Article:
Figure 1A and 1B show comparisons of step-down latency in young and aged mice between the 2nd and 4th day, received RLE (400 and 800 mg/kg ip.), normal saline and untreated group, respectively, in the memory retention tests. The results revealed that RLE significantly (P < 0.05 and P < 0.01) increased step-down latency on day 4 in comparison with day 2, indicating a memory retention enhancer. Results showed that ip. administration of extract (400 and 800 mg/kg) significantly increased step-down latency on the 4th day (P < 0.05 and P < 0.01 respectively) in comparison with the 2nd day. As in the young groups, in the aged animal groups that received extract (400 and 800 mg/kg), step-down latency also increased significantly on the 4th day versus the 2nd day (P < 0.01).

Figure 1. Comparison of Step-Down Latency Between 2nd and 4th Day in Young and Aged Mice That Received RLE (400 and 800 mg/kg), Normal Saline Group and Untreated Group in Memory Retention Test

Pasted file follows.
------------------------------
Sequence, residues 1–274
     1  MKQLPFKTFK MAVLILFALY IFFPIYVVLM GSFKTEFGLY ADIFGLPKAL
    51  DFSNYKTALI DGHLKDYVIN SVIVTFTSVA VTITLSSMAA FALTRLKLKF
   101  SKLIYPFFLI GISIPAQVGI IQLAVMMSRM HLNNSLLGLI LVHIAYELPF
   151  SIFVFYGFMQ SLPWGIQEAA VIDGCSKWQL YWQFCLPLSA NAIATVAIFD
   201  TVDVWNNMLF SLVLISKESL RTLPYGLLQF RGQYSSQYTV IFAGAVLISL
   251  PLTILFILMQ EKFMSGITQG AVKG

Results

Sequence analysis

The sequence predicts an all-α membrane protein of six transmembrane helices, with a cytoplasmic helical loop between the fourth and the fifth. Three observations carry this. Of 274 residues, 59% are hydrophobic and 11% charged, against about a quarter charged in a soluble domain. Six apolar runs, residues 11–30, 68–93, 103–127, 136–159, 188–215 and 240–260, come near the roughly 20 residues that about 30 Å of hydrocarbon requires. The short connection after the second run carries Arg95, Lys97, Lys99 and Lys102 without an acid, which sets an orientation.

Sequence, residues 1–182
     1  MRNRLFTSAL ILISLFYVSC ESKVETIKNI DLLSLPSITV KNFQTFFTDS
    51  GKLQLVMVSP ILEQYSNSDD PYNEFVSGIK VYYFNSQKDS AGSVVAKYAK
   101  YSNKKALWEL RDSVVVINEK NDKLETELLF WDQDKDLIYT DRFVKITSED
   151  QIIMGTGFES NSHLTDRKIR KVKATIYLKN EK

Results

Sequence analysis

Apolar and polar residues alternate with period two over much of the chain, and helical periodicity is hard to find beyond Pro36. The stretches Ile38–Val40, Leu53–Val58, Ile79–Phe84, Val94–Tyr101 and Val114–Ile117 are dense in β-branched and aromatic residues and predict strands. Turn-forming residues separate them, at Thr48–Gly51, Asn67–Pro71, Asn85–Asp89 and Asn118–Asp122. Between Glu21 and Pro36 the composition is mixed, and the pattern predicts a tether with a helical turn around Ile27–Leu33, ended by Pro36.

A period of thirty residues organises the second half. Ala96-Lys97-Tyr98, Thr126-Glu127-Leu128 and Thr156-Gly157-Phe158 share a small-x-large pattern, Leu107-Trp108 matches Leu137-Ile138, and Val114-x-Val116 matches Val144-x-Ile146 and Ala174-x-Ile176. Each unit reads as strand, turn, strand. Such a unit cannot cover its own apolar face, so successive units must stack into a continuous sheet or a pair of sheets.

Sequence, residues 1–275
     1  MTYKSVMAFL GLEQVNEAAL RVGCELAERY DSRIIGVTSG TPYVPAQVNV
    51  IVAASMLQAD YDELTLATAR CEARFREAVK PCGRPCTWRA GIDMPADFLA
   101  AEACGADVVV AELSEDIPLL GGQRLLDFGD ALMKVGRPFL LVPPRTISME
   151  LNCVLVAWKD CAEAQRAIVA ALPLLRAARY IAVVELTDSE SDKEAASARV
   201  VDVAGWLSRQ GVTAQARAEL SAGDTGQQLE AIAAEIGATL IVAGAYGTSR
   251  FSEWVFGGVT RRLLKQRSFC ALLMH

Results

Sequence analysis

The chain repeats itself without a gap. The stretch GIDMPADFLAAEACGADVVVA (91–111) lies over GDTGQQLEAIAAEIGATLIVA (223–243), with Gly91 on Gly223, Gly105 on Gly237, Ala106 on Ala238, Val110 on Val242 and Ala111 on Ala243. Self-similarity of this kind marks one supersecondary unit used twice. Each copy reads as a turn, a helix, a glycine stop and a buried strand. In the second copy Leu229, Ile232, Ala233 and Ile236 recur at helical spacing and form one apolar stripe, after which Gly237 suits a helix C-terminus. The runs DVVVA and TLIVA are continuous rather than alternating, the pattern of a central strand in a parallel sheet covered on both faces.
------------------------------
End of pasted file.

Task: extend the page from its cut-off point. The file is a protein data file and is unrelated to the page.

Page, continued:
Comparison of Step-Down Latency Between 2nd and 4th Day in Young and Aged Mice That Received RLE (400 and 800 mg/kg), Normal Saline Group and Untreated Group in Memory Retention Test

Significant difference between day 2 and 4 is shown as *P < 0.05, **P < 0.01. Control, no injection; Blank, normal saline (1 mL/100 g). Data is mean ± SEM (n = 8). A and B representing young and aged animal groups respectively.

4.2. Effects of Extract on Memory Retrieval

As mentioned above, RLE enhanced both types of memory, as shown in Figure 2A and 2B. The results of this study indicate that the mean latency time in retrieval of memory in all young and aged groups of mice that received RLE (400 and 800 mg/kg) became significantly longer than that of the control group (as P < 0.01 both dose of 400 and 800 in young and although as P < 0.001 in 800 mg from the aged group).

Figure 2. Comparison of Step-Down Latency Between 2nd and 4th Day in Young and Aged Mice That Received RLE (400 and 800 mg/Kg), Normal Saline Group and Untreated Group in Memory Retrieval Test
Comparison of Step-Down Latency Between 2nd and 4th Day in Young and Aged Mice That Received RLE (400 and 800 mg/Kg), Normal Saline Group and Untreated Group in Memory Retrieval Test